Avalanches and dimensional reduction breakdown in the critical behavior of disordered systems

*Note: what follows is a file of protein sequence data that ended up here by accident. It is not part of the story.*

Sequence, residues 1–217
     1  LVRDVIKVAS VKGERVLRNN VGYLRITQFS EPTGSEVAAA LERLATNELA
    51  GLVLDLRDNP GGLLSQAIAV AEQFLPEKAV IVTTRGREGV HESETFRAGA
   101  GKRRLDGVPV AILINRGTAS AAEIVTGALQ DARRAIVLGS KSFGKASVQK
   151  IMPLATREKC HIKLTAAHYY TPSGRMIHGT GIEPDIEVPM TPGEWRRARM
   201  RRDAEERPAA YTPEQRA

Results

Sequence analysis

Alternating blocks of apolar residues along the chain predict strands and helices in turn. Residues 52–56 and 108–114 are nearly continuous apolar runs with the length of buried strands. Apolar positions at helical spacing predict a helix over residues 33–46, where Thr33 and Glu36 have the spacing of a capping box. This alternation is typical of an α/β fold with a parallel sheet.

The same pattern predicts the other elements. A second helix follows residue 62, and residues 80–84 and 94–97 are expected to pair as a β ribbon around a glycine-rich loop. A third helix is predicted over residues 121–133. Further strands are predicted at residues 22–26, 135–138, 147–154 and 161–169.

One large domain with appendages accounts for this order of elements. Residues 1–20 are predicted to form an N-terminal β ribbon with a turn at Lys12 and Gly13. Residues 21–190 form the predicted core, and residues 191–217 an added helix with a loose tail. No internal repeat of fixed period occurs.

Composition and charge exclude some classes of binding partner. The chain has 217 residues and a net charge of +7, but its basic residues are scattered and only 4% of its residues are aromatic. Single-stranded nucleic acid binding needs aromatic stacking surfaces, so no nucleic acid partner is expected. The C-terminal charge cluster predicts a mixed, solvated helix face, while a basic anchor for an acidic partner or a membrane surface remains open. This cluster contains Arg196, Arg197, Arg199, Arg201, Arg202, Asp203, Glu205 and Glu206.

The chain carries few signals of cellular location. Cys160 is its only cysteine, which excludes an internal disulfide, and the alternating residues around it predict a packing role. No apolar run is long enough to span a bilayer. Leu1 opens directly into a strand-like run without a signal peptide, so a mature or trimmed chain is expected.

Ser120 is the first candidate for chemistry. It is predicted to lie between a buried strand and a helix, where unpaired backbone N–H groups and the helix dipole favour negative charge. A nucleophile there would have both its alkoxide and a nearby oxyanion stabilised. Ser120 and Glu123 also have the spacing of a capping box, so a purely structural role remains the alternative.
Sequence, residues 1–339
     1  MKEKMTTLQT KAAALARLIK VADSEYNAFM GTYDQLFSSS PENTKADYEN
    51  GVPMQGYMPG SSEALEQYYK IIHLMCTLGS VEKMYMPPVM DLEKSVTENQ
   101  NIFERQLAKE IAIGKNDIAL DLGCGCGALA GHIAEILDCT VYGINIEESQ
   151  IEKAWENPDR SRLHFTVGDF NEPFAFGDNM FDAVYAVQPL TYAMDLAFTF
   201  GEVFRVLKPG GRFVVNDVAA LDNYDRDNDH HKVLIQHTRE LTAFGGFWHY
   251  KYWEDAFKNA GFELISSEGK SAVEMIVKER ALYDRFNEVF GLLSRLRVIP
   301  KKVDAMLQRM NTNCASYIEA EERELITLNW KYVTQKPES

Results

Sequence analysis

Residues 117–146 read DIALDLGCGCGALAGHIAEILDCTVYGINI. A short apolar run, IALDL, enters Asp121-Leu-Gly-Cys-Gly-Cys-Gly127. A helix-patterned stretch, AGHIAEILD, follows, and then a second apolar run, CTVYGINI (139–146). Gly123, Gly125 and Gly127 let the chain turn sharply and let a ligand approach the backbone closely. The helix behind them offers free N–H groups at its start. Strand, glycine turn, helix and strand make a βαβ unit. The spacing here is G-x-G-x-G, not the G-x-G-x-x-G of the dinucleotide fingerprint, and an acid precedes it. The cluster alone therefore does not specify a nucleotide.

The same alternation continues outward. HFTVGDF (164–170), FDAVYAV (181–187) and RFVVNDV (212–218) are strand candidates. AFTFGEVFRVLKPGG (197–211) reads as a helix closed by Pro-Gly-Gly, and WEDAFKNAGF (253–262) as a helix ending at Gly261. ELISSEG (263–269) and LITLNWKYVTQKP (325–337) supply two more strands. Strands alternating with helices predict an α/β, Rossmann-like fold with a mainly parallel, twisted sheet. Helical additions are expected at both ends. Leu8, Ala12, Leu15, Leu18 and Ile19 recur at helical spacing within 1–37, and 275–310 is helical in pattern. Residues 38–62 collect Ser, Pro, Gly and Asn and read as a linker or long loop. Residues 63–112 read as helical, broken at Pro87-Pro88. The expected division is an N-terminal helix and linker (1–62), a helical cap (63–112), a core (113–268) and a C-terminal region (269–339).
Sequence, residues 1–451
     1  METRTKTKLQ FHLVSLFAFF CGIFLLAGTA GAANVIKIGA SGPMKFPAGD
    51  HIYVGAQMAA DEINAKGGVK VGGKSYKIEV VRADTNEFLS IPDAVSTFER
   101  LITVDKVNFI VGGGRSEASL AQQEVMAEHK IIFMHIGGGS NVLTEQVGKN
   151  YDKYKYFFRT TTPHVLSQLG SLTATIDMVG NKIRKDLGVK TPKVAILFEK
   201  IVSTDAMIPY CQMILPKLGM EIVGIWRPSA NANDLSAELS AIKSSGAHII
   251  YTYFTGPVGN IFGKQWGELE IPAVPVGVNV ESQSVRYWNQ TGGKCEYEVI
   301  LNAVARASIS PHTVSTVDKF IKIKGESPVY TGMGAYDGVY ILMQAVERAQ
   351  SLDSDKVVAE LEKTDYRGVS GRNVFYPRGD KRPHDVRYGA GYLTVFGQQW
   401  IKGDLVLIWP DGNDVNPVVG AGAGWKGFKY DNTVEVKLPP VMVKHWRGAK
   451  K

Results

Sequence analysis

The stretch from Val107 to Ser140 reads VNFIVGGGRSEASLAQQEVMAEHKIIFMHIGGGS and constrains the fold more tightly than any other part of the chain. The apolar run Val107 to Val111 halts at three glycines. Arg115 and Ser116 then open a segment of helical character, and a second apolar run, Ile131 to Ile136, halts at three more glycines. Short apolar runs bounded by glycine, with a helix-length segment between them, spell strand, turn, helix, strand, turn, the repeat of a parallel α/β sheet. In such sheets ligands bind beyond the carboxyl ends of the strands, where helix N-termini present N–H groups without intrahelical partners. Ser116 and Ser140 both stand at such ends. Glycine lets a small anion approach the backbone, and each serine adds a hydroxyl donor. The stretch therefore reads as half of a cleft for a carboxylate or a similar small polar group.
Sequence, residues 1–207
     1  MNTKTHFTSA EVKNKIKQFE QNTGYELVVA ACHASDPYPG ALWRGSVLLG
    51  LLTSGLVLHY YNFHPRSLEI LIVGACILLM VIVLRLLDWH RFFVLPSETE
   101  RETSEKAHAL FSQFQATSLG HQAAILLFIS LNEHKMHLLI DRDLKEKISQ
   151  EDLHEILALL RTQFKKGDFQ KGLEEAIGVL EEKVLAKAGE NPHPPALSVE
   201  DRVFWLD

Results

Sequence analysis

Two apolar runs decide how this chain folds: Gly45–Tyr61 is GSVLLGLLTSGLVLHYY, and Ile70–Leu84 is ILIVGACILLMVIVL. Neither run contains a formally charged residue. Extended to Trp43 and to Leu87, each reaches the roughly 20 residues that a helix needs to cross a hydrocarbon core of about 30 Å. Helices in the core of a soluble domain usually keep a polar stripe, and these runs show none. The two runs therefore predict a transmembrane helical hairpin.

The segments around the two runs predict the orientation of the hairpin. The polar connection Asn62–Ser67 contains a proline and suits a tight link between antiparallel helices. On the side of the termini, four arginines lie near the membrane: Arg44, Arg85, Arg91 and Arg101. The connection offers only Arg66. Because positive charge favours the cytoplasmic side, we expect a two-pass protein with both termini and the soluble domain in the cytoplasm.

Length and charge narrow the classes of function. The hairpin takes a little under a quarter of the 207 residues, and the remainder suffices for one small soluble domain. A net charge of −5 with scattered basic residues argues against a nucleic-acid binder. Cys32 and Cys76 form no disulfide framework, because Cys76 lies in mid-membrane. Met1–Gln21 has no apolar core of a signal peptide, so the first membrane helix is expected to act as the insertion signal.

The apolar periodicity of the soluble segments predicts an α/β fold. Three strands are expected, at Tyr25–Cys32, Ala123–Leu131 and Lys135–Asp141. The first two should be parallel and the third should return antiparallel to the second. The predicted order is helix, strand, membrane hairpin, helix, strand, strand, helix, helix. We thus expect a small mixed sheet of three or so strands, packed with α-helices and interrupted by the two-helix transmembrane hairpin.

We investigate the connection between a formal property of the critical behavior of several systems in the presence of quenched disorder, known as "dimensional reduction", and the presence in the same systems at zero temperature of collective events known as "avalanches". Avalanches generically produce nonanalyticities in the functional dependence of the cumulants of the renormalized disorder. We show that this leads to a breakdown of the dimensional reduction predictions if and only if the fractal dimension characterizing the scaling properties of the avalanches is exactly equal to the difference between the dimension of space and the scaling dimension of the primary field, e.g. the magnetization in a random field model. This is proven by combining scaling theory and functional renormalization group. We therefore clarify the puzzle of why dimensional reduction remains valid in random field systems above a nontrivial dimension (but fails below), always applies to the statistics of branched polymer and is always wrong in elastic models of interfaces in a random environment.